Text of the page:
It was my mother’s idea that I joined a soccer team.
The small soccer field across the street from stonewalled church in the Mexican town of Ensenada was my biggest nightmare. Every other weekend, we’d show up with our stained white t-shirts and black shorts, a cheaper alternative than actual soccer uniforms.
“Mijo, te estas poniendo gordito,” she would mention as a way to bring up soccer. “Maybe you should give it a chance and join your uncle’s team.”
I hated practice in that soccer field.
I honestly didn’t really understand the whole excitement around soccer. It’s probably a gay boy cliche, but I leaned more towards pop culture fandom and being creative alone in the room I shared with my sister back in Ensenada than watching a bunch of grown men kicking around a soccer ball.
During games, I preferred seating out on the sides. Since my uncle was the head coach, I was encouraged to actually participate during our matches no matter how bad I was. It was humiliating. I always felt personally responsible for loosing every single match.
“Ama, I’m really bad, I should quit.” I’d tell my mother.
“But how would you know if you’re not good if you don’t put as much effort as the other boys,” she’d reply.
Oh my mama. God bless her heart. She didn’t understand boy culture and how far away I wanted to be from it. For Mexican boys, soccer is life. If you didn’t know about what teams were winning and loosing, you were called a joto, which I secretly knew I was. Trust me, I’d seen Aladdin, I knew.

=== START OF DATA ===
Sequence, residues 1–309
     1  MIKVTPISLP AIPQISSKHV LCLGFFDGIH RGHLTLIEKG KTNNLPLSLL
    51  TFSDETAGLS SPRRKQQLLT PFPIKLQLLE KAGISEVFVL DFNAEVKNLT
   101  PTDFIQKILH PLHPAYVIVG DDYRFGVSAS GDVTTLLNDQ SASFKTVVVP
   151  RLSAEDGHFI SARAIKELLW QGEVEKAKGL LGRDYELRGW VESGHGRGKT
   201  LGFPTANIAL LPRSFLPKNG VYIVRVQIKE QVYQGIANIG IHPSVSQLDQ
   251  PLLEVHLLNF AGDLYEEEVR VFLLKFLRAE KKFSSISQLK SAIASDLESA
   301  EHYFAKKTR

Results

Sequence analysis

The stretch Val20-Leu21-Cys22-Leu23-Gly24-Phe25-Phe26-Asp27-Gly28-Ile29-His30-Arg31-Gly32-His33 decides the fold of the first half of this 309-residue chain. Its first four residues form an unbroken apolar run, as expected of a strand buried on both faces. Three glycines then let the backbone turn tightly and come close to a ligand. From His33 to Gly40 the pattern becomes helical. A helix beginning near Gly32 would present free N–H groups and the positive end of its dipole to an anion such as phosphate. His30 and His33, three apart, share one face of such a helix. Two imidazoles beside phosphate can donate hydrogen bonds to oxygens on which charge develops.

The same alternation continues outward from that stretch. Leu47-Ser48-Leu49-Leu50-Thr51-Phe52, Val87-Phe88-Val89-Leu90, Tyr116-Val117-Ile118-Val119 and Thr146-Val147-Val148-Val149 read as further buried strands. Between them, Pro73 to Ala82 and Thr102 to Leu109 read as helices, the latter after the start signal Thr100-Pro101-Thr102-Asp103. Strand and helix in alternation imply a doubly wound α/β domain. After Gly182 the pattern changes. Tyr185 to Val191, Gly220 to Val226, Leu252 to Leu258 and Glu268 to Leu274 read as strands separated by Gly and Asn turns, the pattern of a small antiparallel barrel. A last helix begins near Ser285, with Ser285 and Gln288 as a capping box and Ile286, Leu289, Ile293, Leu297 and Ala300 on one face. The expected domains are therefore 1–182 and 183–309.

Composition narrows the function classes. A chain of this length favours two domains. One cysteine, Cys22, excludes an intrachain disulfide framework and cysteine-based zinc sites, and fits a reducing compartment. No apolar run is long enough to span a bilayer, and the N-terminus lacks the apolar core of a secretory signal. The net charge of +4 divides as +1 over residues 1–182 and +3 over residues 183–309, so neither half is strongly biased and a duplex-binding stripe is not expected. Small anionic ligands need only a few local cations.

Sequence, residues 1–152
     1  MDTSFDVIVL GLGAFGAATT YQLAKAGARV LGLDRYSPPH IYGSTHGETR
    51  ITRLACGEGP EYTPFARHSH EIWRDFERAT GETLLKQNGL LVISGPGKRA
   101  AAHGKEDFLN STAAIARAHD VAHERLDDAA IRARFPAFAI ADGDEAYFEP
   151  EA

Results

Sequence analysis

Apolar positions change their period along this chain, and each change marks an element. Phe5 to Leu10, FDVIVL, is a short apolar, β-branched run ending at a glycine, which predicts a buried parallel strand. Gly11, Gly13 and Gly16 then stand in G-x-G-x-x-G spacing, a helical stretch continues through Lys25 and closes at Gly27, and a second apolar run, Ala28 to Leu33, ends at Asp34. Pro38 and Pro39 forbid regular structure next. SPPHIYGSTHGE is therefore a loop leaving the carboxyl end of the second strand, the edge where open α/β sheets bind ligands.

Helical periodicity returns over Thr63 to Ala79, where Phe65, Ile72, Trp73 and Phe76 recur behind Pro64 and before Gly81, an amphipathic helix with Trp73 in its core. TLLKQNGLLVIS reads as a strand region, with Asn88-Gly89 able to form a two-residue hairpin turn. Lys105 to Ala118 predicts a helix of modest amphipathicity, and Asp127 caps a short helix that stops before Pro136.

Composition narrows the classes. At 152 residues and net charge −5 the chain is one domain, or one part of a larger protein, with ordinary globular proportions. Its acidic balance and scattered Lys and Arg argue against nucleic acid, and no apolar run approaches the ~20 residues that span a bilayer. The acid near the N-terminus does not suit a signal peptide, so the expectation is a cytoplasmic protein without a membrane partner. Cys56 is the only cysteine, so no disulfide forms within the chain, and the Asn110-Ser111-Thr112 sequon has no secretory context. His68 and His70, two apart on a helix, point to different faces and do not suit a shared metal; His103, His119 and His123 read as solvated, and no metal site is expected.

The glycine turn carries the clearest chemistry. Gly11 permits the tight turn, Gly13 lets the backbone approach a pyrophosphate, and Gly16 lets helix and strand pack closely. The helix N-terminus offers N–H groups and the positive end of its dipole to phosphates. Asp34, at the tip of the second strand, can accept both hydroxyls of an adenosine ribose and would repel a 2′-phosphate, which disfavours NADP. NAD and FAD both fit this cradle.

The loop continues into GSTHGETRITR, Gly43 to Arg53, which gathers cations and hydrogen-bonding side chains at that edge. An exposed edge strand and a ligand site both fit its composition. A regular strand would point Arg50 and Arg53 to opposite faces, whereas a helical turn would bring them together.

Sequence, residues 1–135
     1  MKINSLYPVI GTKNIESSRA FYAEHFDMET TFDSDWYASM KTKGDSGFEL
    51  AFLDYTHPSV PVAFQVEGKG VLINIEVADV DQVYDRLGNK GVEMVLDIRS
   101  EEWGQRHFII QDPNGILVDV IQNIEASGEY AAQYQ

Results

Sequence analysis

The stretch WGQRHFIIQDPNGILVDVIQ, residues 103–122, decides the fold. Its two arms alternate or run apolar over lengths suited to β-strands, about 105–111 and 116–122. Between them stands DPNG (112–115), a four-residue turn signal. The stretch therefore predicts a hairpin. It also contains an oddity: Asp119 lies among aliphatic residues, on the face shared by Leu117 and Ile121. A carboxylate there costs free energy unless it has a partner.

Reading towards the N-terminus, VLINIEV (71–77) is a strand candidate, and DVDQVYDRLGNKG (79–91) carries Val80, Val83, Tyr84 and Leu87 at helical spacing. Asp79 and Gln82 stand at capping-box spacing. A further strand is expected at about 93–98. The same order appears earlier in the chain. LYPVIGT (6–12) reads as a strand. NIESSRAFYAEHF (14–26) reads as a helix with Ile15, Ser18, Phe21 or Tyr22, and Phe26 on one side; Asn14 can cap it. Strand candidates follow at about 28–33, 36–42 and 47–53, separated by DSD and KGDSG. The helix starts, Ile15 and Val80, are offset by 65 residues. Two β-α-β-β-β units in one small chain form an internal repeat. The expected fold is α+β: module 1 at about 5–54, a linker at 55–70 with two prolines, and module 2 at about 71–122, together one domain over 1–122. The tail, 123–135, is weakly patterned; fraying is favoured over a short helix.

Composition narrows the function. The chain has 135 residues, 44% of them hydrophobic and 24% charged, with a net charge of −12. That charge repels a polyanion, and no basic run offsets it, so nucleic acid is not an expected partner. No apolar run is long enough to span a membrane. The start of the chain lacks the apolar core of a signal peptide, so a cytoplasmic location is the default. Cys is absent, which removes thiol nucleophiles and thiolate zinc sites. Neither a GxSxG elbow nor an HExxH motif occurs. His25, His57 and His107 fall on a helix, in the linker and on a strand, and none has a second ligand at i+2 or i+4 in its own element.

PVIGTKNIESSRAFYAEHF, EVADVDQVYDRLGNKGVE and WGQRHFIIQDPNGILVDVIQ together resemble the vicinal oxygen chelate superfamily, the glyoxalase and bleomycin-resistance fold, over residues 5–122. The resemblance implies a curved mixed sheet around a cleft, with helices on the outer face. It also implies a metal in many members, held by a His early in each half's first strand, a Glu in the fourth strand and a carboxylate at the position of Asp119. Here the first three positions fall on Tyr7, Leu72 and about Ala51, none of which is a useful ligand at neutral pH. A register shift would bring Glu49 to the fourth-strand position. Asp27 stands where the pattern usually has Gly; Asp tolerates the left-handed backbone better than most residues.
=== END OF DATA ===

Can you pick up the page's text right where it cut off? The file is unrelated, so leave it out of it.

But my mother was worried about my weight gain and she saw sports as a way for me to get on the right path. I began gaining weight around 8 years old and my mother was worried that my lack of physical activity was the cause of it. And it’s not that I wasn’t physical. I loved running around with my neighbors and getting dirt under my nails.
But back in the soccer field, I felt that people were judging the way I tackled my physical activity. Running around and making sure that I kicked the ball was a balance I couldn’t keep up with. It also didn’t help that I would close my eyes whenever someone would pass the ball to me in an effort to make me feel like I was part of the team.
Whenever I’d manage to stay away from the soccer action, I would think of ways to entertain myself. I would stare at the moms seating in the benches, wearing their Sunday best to these matches. It was the early 90s so bright colors in clothes and party make up were a must. I’d imagine how much fun it seemed to get up early in the morning and get dolled up with such bright colors. I would suddenly be shaken back to reality when the ball would come my way and I would awkwardly play around with it while a mob of boys from the opposite teams would run in my direction in order to steal the ball away from me. Shit was not fun!
Sure enough, I didn’t stay in the soccer team for a long time.
My mother stopped bugging me to go to practice. Thankfully a new public swimming pool opened up across the street from our house. When I showed interest in joining my cousin in weekend swimming classes, it made it easier for my mother to let go of any aspirations she might have had about having a soccer star in the family.